've elected to include this analysis, due to the inroads that religion has made into nearly all cultures. Because of
its influence, the progression in idea regarding what constitutes the nature of
Deity is important to conflict resolution.
Throughout history Deity has been defined in a number of
different ways. Initially, It was thought to be indistinguishable from
nature itself. Later, It was characterized as the personification (in
perfected form) of those qualities that man came to revere within himself.
This latter visualization introduced multiplicity into our concept of
Deity's nature -- a problem that has never been adequately resolved.
Difference then led to belief oriented conflict. This
hastened the need for a more idealized representation of Deity. However,
once It's attributes were seen to be separate and distinct (and often
conflictual within space/time parameters) man lost the ability to
logically conceptualize their reunification. Eventually however, the
idea of transcendence provided an easement. It did so by abolishing the
need to conceptualize Deity's form within space and time -- thereby
doing away with the need to unify what were supposedly its separated
attributes. Beyond space and time, Deity now became indescribable. It
also became indubitable for the very same reason.
Limited to being singular by
way of relevance, acceptance of Its transcendental nature doomed the
existence of polytheism. In spite of the advantages of this new
characterization, there were also serious disadvantages to its
being adopted. Transcendence reduced all issues to Deity's will. This caused disagreement over
to become irresolvable. Eventually this led to the questioning of
Ultimacy's intent and then
It's very existence.
Because transcendence thwarted description, Deity's existence couldn't be proved. You
can't prove what you can't define. Similarly though, it couldn't be disproved either. As a result, transcendence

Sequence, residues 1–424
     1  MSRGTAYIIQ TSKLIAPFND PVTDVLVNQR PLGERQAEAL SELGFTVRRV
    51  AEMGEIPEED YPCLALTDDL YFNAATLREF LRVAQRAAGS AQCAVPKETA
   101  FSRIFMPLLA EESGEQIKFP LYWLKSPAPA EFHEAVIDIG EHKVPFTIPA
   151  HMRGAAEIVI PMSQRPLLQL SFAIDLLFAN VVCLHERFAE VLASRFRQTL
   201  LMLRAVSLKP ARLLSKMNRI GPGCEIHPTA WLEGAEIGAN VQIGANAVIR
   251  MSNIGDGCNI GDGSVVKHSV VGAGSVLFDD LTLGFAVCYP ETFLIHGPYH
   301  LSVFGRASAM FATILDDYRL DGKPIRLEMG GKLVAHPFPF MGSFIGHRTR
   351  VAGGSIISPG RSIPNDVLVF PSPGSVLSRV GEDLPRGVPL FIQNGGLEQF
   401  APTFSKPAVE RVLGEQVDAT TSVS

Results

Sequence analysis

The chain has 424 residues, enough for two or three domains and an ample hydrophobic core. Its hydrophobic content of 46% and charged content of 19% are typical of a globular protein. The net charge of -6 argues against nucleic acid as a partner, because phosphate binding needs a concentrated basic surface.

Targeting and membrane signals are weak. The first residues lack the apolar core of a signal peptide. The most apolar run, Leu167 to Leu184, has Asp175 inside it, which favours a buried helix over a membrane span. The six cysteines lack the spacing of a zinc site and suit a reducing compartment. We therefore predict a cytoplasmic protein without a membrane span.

rendered reason inoperative when it came to Deity. This was unsettling to
many, since the use of reason
still remained integral to understanding how It might judge us. Nonetheless, it wasn't
until much later, when common sense returned to form, that the idea of Ultimacy's transcendence
was again questioned.
Thus thinking had returned full circle with paradox once more holding sway. Form
implied limitation due to its dependence upon description and limitation precluded itself
from association with Deity. If the idea of transcendence was to remain viable, it needed
something more. This time that something took the form of "total knowledge." By
attributing 'total knowledge' to Deity, it became conceivable that Ultimacy could be of form and
yet not be limited by way of it.
However, this linkage proved to be inherently problematic to the defining of man. Unlimited knowledge in the hands of Deity imposed a predestination that destroyed the
possibility for ''freewill.'' You can't be free to choose when your
choice is restricted by what Deity already knows; and hence, what will
inevitably become your eventuality. The dynamics of "time" prevent it.
As a result this linkage endorsed determinism, an idea that
would otherwise be without foundation. No one has ever found a logical way around this
quandary using any of the conventional understandings of 'time' we've
embraced to date. The
reason is quite simple, none exists.
Nevertheless, many religions still continue to promote this linkage between 'total
knowledge and Deity,' in lieu of something better. The results from this union are so bad
that only "mystery" can hide the contradictions. In an
attempt to conceal the obvious, religion has relegated Ultimacy to the task of
straightening this contradiction out. How anyone can know that It might
be so inclined, or will in fact do so, is yet
another mystery that defies explanation.
Hence, we are left adrift in logical inconsistency with
only mystery upon mystery by which to sort out our responsibility to
Deity and self. Yet we are not allowed, by any of the religions that
rely upon it, to resort to 'mystery' to justify our own perceived
inadequacies. This inequity obviously runs counter to common sense. It
also suggests that Ultimacy sanctions injustice at our level of knowing,
thus leaving the door wide open to the possibility that It might do so
As a result, the use of 'mystery'
promotes chaos within thought as opposed to order. It does this by preventing us from
logically determining where our responsibility begins and ends. This is why 'mystery' is
fatal to our 'freewill.' And, without the existence of 'freewill,' everything religious
immediately becomes meaningless.